This coming Sunday 15 August, the infamous Recall Referendum takes place in Venezuela. For those of you not familiar with the situation in Venezuela – fifth largest producer of oil on the planet and 10% of it going to that insatiable guzzler of the stuff, El Norté, the US – in 1998, the country voted into power a president, Hugo Chávez Frias who incurred the wrath of the imperium by daring to promote the interests of the poor and the dispossessed of the country who constitute some 80% of the population.

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US Foreign Policy: A Mystery to the Media? By William Bowles

3 April 2004

Okay, so what’s the deal? Why won’t the corporate media tell us what’s going on? Why do I have scrabble around the Internet looking for answers? Why won’t my local print, tv and radio tell me why, yet again, the US is orchestrating a coup d’etat against Venezuela?

Dumb questions I know, but over the past week, the number of stories on Venezuela available locally – of any kind – is zero. And over the past few weeks, it’s not much more, a handful to be exact. And no doubt, just as with the appalling press coverage of the US-backed coup d’etat in Haiti, we won’t read anything until it’s all but over (barring the killing), then of course, the vampires are all over the place.

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Haiti: Gangster (F)RAP(H) By William Bowles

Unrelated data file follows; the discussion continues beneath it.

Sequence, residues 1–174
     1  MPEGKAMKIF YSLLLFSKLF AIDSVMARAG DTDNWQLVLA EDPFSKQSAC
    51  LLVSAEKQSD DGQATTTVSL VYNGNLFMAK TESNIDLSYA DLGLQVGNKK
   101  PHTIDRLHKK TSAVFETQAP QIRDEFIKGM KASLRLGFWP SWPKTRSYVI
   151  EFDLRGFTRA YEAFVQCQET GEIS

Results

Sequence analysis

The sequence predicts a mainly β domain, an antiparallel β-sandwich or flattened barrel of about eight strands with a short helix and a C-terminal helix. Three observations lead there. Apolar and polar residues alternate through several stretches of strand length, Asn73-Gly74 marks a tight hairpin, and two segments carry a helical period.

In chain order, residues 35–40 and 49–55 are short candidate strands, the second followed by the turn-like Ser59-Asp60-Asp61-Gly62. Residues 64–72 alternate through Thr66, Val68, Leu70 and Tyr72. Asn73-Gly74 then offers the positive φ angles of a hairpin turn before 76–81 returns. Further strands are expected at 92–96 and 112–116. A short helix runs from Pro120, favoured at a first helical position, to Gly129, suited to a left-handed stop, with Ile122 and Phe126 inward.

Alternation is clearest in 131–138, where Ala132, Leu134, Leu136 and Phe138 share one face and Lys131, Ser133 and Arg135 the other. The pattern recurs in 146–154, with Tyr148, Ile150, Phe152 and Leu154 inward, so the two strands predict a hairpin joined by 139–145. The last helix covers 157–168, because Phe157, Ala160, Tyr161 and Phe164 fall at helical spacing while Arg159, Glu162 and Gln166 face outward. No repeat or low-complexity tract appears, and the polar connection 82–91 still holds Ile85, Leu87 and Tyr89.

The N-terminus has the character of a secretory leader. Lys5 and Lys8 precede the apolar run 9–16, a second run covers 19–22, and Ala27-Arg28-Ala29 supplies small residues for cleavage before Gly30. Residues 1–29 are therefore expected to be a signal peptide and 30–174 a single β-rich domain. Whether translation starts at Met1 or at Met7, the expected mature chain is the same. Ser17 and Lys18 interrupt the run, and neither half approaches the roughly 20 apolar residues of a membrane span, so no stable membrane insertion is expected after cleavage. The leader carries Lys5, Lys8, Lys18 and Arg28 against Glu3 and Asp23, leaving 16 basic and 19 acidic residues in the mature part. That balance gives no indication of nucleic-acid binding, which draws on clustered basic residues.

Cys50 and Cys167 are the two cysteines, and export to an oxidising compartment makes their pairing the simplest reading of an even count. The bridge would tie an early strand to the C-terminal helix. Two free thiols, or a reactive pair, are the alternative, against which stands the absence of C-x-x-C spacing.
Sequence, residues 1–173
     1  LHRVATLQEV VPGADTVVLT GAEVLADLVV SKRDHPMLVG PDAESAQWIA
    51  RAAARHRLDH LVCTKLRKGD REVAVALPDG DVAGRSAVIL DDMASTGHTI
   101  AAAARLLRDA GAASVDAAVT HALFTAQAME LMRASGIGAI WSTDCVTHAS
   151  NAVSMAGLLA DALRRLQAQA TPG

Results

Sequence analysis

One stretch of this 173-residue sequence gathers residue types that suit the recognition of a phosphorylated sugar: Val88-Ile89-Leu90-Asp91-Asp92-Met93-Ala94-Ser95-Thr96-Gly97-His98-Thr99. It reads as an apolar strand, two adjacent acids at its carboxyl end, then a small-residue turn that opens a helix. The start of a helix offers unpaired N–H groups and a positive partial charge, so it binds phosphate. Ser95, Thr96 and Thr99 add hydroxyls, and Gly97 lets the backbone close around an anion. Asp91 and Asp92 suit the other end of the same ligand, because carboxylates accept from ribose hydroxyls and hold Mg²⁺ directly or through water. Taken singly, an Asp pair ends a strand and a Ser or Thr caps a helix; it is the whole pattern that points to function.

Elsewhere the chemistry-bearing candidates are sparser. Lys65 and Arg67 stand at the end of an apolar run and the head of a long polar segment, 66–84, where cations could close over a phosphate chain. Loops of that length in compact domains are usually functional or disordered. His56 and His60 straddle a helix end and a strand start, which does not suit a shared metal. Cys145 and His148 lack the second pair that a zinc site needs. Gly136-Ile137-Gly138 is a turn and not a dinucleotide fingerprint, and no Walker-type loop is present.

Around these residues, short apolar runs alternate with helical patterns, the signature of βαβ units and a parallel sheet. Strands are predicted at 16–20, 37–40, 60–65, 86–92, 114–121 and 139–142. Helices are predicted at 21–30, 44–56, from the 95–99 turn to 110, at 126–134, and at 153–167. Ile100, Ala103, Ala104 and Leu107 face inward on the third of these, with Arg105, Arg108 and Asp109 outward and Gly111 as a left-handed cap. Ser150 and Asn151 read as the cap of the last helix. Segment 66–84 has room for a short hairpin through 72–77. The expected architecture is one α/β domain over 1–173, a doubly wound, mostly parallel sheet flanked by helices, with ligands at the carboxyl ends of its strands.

2 March 2004

“Tell the world that it’s a coup. That American soldiers abducted (me).”
Jean Bertrand Aristide

“”Aristide would “leave Haiti in a Lear Jet or in a pine box.””
James Foley, US Ambassador to Haiti

No matter that the corporate media have done their best to cover up the outrage that has been committed against the people of Haiti, things have a way of working their way out into the light of day.

The telephone conversation between Randall Robinson of the TransAfrica Forum and Jean Bertrand Aristide has blown the lid of the gangsters game plan. And it might well be that the phone call saved Aristide’s life, as more information about how the abduction took place comes to light.

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National Endowment for Democracy: At It Again in Haiti! By William Bowles

19 February 2004

The National Endowment for Democracy that ‘celebrated’ its 20th anniversary this year has a long and less than illustrious past. It’s dead hand has descended on a number of countries over the past two decades including Nicaragua, El Salvador, Venezuela (currently also on-going) and of course Haiti.